Originally Posted by WildVolley
There's less pronation, or perhaps it is better to say that the timing of the pronation is different on a topspin serve. The pros usually turn more away from the court and the racket path is more across than toward the target. The racket still lags meaning that pronation (internal shoulder rotation) is need to turn the racket face to the ball, but it occurs later in the swing because the shoulder usually aren't turned as much forward. Topspin is also due to impacting the ball at a slightly lower level and more to the left.
The topspin serve needs a horizontal component like any other serve and the pronation (internal shoulder rotation) is what adds a lot of that juice.
As I've pondered this subject over the past year or so, I've come to a nearly identical conclusion. That is, the "later" pronation, the more "sideways" racket path, the lower and more "to the left" contact yielding the topspin.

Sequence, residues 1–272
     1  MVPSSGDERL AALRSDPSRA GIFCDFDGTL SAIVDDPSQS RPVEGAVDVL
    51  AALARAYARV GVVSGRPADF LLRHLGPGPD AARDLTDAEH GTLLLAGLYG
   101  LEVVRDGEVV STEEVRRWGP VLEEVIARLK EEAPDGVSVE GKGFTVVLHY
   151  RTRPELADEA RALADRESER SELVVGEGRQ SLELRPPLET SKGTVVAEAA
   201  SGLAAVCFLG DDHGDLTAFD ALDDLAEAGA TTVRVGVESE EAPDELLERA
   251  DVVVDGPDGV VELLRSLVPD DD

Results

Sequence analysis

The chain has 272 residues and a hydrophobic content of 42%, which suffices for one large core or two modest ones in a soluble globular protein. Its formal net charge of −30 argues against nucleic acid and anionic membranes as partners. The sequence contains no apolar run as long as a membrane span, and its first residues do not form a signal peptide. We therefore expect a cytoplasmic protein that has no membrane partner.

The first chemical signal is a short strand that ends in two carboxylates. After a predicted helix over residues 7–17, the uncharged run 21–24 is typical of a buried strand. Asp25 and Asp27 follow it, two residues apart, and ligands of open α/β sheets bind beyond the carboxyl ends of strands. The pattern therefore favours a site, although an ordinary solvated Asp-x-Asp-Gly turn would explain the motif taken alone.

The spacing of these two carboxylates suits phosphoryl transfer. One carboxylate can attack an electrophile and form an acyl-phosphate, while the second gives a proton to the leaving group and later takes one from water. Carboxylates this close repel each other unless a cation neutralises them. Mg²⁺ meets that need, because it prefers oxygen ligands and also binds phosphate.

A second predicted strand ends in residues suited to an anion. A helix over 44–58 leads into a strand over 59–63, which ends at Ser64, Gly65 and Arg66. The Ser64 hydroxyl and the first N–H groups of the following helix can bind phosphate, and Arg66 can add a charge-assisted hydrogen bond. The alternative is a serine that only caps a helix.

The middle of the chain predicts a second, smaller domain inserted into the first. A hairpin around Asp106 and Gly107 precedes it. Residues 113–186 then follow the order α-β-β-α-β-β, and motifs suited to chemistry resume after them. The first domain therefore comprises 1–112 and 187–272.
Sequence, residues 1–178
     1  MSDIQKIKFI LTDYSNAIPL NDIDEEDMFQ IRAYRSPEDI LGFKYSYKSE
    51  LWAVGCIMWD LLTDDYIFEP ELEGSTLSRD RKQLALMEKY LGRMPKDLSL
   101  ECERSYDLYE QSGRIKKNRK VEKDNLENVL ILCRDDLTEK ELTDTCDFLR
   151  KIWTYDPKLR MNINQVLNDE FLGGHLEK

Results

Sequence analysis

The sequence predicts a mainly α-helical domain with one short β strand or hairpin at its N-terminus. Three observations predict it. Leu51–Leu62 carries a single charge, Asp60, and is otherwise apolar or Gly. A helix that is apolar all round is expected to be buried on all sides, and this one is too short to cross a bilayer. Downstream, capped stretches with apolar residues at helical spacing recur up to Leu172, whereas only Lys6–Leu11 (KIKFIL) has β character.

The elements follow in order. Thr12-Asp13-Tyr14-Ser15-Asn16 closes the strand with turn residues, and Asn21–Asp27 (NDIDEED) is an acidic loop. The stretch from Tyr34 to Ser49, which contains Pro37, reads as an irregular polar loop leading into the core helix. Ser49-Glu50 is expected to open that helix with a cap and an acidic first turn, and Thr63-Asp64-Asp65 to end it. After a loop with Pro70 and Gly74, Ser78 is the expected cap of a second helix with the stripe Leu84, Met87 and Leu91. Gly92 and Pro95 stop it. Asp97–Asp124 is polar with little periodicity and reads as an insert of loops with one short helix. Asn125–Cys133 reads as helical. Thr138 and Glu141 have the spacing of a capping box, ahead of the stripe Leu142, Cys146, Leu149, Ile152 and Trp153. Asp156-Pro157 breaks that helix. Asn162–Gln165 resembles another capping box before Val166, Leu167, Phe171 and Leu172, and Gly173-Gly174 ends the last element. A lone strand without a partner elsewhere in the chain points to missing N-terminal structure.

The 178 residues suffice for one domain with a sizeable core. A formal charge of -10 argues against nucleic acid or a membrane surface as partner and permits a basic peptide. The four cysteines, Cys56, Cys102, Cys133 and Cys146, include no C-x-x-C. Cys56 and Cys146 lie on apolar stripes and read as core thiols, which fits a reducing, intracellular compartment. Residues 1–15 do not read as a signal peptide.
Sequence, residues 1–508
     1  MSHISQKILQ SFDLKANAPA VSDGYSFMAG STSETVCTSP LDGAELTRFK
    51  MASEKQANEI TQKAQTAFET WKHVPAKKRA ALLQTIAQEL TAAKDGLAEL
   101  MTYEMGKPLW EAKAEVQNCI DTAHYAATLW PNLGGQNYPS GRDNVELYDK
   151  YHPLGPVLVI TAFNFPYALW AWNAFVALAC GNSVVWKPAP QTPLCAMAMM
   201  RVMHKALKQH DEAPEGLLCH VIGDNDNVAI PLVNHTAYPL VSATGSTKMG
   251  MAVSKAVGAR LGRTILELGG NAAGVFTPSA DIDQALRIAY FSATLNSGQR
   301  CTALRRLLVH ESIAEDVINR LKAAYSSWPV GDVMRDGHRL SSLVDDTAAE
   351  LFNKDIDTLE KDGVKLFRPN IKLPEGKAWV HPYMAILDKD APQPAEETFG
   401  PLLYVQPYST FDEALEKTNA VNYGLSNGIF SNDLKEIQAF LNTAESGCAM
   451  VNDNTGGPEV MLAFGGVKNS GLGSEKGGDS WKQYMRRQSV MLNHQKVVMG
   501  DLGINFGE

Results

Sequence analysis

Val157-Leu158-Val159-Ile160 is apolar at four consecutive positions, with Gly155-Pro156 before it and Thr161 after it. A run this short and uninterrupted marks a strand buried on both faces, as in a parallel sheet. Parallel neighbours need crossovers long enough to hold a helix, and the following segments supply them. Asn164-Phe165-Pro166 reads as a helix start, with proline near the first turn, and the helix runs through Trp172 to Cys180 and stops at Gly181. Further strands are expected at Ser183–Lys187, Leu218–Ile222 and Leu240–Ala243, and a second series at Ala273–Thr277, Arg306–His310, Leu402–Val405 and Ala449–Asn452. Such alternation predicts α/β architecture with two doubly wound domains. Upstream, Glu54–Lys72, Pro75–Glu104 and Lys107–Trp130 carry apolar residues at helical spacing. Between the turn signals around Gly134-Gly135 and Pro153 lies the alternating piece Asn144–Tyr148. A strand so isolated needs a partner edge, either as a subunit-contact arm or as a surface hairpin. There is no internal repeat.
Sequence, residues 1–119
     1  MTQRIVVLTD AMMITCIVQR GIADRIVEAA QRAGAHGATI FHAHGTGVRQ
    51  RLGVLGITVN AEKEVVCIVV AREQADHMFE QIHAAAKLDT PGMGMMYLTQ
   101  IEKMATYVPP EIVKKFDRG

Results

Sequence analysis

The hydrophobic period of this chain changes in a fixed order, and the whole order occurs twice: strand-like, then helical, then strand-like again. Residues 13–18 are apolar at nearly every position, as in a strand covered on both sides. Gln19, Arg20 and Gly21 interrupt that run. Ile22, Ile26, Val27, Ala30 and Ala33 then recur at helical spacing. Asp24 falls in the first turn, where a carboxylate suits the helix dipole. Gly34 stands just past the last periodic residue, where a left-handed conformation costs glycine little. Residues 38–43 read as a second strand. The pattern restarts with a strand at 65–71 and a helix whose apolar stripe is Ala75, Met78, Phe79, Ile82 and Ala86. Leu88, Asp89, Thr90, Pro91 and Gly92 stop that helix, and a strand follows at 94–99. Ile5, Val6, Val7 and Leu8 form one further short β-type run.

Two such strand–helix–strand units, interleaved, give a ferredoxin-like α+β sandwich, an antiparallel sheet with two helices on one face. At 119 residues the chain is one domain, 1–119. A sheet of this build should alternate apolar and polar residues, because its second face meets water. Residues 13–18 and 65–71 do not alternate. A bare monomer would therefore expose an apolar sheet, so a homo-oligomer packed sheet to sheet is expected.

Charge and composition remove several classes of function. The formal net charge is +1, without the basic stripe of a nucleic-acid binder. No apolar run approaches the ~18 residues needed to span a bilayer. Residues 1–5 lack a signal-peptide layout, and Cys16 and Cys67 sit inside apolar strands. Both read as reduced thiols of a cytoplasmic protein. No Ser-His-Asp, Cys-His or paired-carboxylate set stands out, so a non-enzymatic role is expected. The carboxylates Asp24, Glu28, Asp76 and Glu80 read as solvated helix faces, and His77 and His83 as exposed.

Hadn't thought about the difference in the shoulder turn, but that makes a lot of sense, too, and maybe helps explain why even some of the better local women players can't hit the topspin serve, and often bring that right foot over to the right of the left in their "pinpoint" service motions.
I don't think that pronating "precludes" the snapping of the wrist in that sort of combo "flexion-ulnar deviation" that causes the racket to accelerate in the plane of the string-bed for maximum spin. But, if I *do* concentrate on the pronation aspect, while I get more pace, the bounce is lower and significantly less aggravating to many opponents. *And*, my margin for error over the net drops significantly.